- Is the New York Stock Exchange the Largest Stock Market in the World?
- Explain Points on the New York Stock Exchange
- New York Stock Exchange Listing & De-Listing Requirements
- How to Tour the New York Stock Exchange in New York City
- What Was the First Company Offered on the New York Stock Exchange?
- Disclosure Requirements for the New York Stock Exchange
The New York Stock Exchange, a subsidiary of NYSE Euronext, is the preeminent exchange for the majority of the stock transactions in the United States. It's trademark bells sounds the opening and closing of trading each day. These bells sound promptly at 9:30 a.m. Eastern time and again at 4 p.m. Eastern time. The bells represent a significant part of the stock exchange's history, dating back to the 1870s.
Opening and Closing Times
The New York Stock Exchange (NYSE) opens daily at 9:30 a.m. Eastern time. Trading on the floor continues until exactly 4 p.m. Eastern. These times are managed by an atomic clock, and signaled throughout the exchange by audible cues in the form of bells. The NYSE also controls the hours of NYSE Market Equities and NYSE Amex, formerly the American Stock Exchange. These two markets operate during the regular NYSE hours.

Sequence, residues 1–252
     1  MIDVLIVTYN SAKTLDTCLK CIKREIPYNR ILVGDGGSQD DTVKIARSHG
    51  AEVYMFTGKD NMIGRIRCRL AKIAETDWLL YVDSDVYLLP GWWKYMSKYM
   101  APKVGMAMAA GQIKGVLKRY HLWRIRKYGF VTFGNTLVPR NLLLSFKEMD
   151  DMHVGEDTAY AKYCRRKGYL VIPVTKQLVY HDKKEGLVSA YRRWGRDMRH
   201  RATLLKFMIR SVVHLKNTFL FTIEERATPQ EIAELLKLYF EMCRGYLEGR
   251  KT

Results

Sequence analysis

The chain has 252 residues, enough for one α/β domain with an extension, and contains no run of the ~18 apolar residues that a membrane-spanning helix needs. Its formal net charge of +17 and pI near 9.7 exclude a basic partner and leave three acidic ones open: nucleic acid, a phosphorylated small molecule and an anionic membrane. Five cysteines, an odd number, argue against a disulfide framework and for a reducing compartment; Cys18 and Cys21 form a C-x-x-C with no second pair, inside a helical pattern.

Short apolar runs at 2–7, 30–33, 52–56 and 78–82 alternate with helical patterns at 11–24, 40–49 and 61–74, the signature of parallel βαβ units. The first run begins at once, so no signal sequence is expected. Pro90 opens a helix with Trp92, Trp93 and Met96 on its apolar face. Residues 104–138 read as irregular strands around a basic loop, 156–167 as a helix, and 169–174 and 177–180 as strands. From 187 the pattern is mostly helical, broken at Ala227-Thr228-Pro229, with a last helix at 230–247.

NYSE Arca, a fully electronic trading forum, has hours that allow for European tradehouses to link up to several key finance markets, including the NASDAQ exchange. Arca begins accepting limit orders at 3:30 a.m. Eastern time and full trading opens at 4 a.m. For one minute at 9:29 a.m., the market freezes to assess market orders and auction-only orders prior to the true opening at 9:30 a.m. Arca resumes trading until 3:59 p.m. Eastern time, when all orders are frozen again. The exchange will then calculate select orders between 4 p.m. and 8 p.m.
The New York Stock Exchange was founded on May 17, 1792. Originally formed by a group of only 68 traders, the seats on the exchange eventually topped out at 1,366 and were considered very valuable. In 1817, the company created its first constitution and a signing was held beneath a large Buttonwood tree. Thus, the NYSE, at the time called the New York Stock & Board, would be forever governed by the "Buttonwood Agreement." Membership seats at the exchange signaled influence and power in the financial realm. A company could not purchase a seat unless an existing member vacated a membership. The exchange remained this way until April 2006.
The NYSE Goes Electronic
By 2000, the NYSE was already taking steps to fully automate trading over an electronic medium. The NYSE, having merged with the Archipelago Stock Exchange, became the NYSE Group, Inc., and converted the "seats" at the exchange to stock in the new company. The NYSE is no longer a membership organization, so any broker can now trade there.
- stock exchange image by Christopher Walker from Fotolia.com